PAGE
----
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Asia defends currencies even as stocks fluctuate wildly

Large foreign-currency reserves and overhauled regulatory systems have helped stability. Investors also seem to be better targeting which currencies are at risk.

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Yen for yen: A customer checked out currency exchange rates in Tokyo Oct. 27. The yen has appreciated sharply.

Issei Kato/REUTERS

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Asian stocks snapped a losing streak Tuesday, after scraping multiyear lows in recent weeks. Japan's Nikkei index closed up 6.4 percent, as South Korea saw a 5 percent hike in its main index. Hong Kong's volatile market posted double-digit growth a day after falling by almost as much.

These fragile gains come in the face of increasingly gloomy forecasts for the region's export-led economies as the US and other rich countries slip into recession. As in other emerging markets, among the heaviest sellers of Asian assets have been US hedge funds and other foreign investors who need to raise cash in a hurry. This flight of foreign capital has dented confidence in stocks, bonds, and other assets.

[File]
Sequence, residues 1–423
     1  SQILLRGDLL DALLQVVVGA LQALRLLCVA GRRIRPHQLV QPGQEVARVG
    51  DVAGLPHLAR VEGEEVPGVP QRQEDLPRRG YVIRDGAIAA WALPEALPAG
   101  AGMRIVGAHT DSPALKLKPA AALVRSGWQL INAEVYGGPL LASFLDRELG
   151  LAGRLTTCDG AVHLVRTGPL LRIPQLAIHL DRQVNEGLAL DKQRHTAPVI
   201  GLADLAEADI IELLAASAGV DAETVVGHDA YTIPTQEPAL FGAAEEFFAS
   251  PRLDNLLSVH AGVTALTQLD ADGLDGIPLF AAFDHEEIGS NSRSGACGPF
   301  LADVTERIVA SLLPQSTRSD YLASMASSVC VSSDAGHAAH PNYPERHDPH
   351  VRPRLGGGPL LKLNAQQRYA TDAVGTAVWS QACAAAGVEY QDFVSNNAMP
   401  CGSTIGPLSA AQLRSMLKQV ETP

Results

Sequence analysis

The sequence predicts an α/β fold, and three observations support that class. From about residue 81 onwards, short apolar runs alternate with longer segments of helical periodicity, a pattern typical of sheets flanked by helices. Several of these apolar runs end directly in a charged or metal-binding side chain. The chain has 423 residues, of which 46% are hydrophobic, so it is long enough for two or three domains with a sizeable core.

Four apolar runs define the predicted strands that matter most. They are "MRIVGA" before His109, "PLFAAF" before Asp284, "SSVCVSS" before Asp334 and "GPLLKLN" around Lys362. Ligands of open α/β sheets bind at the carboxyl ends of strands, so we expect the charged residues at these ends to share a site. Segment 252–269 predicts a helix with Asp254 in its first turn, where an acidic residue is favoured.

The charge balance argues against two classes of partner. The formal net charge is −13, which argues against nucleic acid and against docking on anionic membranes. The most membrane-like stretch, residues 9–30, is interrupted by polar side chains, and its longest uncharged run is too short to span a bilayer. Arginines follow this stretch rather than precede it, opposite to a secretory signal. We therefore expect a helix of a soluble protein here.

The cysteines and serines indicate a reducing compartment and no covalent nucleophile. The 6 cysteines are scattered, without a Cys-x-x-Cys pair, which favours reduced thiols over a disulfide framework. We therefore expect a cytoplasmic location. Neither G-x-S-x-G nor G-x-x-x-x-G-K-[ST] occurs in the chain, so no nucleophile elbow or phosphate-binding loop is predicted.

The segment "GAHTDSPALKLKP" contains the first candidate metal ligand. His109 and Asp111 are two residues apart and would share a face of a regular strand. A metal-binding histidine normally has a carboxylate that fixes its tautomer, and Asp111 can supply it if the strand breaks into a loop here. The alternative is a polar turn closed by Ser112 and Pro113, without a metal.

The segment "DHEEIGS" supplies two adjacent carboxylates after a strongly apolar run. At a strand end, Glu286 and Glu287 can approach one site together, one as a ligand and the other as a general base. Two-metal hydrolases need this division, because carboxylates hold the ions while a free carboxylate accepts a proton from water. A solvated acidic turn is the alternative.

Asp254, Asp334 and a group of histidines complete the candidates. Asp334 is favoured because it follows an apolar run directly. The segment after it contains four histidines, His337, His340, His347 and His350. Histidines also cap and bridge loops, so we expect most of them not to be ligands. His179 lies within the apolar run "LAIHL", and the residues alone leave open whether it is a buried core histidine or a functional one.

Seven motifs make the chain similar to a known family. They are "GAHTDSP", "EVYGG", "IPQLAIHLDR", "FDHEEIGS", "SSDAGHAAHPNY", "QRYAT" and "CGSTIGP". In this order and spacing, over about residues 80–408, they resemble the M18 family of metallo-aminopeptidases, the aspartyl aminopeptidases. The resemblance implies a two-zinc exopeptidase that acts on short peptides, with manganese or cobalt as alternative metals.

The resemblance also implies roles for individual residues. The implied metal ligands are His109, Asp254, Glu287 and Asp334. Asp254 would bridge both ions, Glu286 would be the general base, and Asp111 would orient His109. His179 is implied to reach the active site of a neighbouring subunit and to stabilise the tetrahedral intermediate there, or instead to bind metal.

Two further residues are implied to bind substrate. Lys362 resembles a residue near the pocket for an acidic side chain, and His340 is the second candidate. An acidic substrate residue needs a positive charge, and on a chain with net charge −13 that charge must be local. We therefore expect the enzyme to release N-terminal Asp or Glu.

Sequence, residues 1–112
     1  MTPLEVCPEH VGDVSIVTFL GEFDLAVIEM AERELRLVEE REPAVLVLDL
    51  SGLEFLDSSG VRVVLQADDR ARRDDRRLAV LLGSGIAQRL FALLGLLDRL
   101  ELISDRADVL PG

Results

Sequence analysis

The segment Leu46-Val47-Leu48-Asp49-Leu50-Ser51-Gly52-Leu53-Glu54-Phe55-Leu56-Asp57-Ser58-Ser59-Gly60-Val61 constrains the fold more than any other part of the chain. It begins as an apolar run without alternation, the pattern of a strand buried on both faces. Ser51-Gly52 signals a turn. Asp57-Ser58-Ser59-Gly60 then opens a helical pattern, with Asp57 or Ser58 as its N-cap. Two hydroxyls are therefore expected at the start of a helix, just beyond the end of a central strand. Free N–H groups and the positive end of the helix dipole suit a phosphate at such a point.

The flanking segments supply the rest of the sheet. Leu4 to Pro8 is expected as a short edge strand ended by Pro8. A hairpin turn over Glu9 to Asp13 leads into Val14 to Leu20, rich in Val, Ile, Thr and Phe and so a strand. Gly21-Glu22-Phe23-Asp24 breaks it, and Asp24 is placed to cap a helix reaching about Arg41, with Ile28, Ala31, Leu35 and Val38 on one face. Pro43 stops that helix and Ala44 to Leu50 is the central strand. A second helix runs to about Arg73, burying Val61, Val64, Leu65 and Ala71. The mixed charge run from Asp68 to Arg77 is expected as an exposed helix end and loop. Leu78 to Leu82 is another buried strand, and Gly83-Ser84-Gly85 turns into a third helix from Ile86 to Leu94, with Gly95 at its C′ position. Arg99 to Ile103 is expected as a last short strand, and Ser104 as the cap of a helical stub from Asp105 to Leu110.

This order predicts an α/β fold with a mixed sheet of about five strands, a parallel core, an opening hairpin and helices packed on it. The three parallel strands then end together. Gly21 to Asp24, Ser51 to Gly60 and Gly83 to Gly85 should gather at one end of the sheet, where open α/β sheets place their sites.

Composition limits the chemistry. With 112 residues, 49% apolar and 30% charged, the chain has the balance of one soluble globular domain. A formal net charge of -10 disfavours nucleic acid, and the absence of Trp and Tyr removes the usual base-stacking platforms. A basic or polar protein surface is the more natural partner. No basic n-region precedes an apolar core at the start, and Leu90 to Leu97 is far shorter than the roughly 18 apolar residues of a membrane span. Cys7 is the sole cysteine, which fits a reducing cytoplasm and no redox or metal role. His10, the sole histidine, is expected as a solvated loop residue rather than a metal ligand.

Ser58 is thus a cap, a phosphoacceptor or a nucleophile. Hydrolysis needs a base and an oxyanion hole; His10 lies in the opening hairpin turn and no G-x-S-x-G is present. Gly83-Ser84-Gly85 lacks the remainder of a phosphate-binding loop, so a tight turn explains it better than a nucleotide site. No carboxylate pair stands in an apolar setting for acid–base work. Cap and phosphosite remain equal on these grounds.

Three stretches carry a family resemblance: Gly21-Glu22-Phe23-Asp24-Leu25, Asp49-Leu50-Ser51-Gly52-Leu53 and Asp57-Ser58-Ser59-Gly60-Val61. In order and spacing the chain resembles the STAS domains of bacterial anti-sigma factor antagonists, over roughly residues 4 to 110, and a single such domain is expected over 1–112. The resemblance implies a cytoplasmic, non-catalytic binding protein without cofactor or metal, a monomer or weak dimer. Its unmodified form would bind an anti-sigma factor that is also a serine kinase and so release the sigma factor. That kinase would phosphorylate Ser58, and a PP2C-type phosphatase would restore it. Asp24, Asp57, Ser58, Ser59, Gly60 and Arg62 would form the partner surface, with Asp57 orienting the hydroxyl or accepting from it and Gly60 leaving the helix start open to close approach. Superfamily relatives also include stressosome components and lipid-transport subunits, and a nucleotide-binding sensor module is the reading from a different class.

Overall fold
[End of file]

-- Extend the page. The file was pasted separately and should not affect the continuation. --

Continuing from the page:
But while markets have taken a pounding, the outflow of foreign money hasn't triggered a wholesale collapse in Asian currencies, as it did a decade ago when financial panic last swept the region. With the exception of South Korea and India, most Asian currencies have suffered only modest losses against the resurgent US dollar. By contrast, Brazil's has fallen about 30 percent in the past three months.

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